I’m sixteen, and this morning I was made fun of again for leaving a sleepover early to go to church. I’ve been internalizing my “friends'” words and feeling my self-worth going down each moment I sit in the pew. Then I walk to the communion rail, kneel, and hear the words “This is my body. . . This is my blood.” I’m reminded why I’m here. Why I continue to come here even as my peers mock my faith: because this is where Christ is found and the only place I desire to be.
I’m seventeen, and my grandmother has passed away followed quickly by two friends from high school. The weight of grief and death has been heavy on my shoulders, and I’ve been crying frequently. I kneel at the rail and am reminded that in this meal, my grandmother and all the saints who have passed are feasting with me. I’m strengthened in my desire to spread the Gospel so that all can share in this feast eternally.
I’m eighteen, and I sit in the pew feeling disgusting and out of place because of what was done to me the night before. I can’t hear the words of the sermon over the voices in my head saying I don’t belong here with all these pristine and Godly people. But then I’m forced out of my thoughts when I have to physically walk to the altar. I kneel. I hear the words. As I chew the body, before the blood even touches my lips, I can feel the tears forming. “Shed for you . . .” rings in my head. I’m still numb, but right now, God is the only one who knows what happened to me. Gradually, with each Lord’s Supper, I’m reminded I can one day forgive the one who made me feel this way. It wasn’t my fault. Christ loves me. I am clean. I am made new.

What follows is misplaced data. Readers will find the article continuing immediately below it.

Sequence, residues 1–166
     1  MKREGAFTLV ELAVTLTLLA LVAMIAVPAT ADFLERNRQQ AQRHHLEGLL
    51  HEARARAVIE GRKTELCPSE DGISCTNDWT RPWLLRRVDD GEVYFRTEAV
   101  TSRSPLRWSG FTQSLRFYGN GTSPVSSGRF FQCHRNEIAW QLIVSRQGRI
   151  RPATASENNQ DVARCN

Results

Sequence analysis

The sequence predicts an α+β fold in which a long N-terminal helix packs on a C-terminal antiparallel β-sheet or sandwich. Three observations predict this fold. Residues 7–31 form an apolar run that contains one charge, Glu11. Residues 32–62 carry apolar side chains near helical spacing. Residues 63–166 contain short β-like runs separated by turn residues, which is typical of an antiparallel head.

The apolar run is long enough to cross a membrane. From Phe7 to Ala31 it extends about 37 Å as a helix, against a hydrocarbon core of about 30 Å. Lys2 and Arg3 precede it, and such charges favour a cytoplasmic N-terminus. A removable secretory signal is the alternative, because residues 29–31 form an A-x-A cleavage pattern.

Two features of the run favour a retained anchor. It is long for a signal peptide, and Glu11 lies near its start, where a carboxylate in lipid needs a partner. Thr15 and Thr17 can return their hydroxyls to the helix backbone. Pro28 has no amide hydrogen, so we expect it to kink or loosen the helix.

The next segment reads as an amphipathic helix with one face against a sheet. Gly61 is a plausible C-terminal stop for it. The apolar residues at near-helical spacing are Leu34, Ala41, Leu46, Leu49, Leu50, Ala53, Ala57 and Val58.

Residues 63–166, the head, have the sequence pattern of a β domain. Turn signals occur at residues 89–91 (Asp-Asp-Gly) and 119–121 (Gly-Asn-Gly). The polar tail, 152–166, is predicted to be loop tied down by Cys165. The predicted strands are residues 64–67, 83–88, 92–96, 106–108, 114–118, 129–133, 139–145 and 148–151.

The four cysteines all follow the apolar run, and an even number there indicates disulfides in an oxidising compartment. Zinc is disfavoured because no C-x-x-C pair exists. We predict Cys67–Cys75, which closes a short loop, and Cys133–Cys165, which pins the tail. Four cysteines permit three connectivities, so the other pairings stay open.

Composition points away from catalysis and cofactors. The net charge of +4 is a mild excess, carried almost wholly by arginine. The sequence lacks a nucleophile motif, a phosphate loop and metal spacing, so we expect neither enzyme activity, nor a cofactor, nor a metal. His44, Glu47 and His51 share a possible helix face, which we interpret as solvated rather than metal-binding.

I’m nineteen, and I help my grandfather pick up the bulletin he dropped . . again. His Parkinson’s makes it difficult to hold onto it. His dementia makes him feel more and more lost. I’ve been trying to help him through the service but his eyes are glassy, and he feels so far away. I’m beginning to wonder why we bother bringing him when the pastor walks up, calls him by name, and places the wafer in his mouth. He drinks the wine, and I hear his voice say “Amen.” He smiles. I’m overwhelmed by the realization that even as his body deteriorates, God is preserving his soul; there is more to this life than what I can see with my eyes.
I’m twenty, and I screwed up again. I can’t get anything right. I recite the confession feeling more “poor and miserable” than I ever have. Pastor says the absolution, and I want so desperately to believe it as I have before. But today it feels like simply words spoken to a group of people I stumbled into. Until I eat and drink and hear those words “for the forgiveness of sins.” This is real. This is for me. He died for me.
I’m twenty-one, and I’m terrified. I don’t know what the future holds. I don’t know if I can do this. I don’t want to face tomorrow. But then, with wine fresh on my breath I’m told to “depart in peace.” And peace overwhelms me. I don’t know what the future holds, but God’s promises are all I have to cling to. My salvation is secure. This is most certainly true.
This is what the Lord’s Supper means to me. It’s peace. It’s a real, tangible encounter with Christ and all that He promises. Even on the days that don’t feel “significant” enough to recount, I know the body and blood is at work in my heart, regardless of my feelings. This is a profound mystery. One I cannot comprehend with my own reason. And yet it happens with or without my perfect understanding. It only needs repentance and faith to lay hold of it. I only have that faith because Christ first laid hold of me. He snatched me from the jaws of death and sin and holds me firm in this sacrament. When my mind is weary, when my body is tired and abused, my soul feasts on His Mercy and Grace. When everything I see, hear, and touch, the entire reality around me is clouded by fear and pain, this light shines fiercely in the darkness. When my doubts threaten to drag me back into my own sinful grave, Christ takes my hand, places it in His side, and bids me to believe. To believe in the promise he’s placed in these simple physical means. And so I feast at this meal. With one bite and one sip, my soul feasts. And by God’s Grace I will keep coming back, starving, as I am hungry and thirsty for Christ.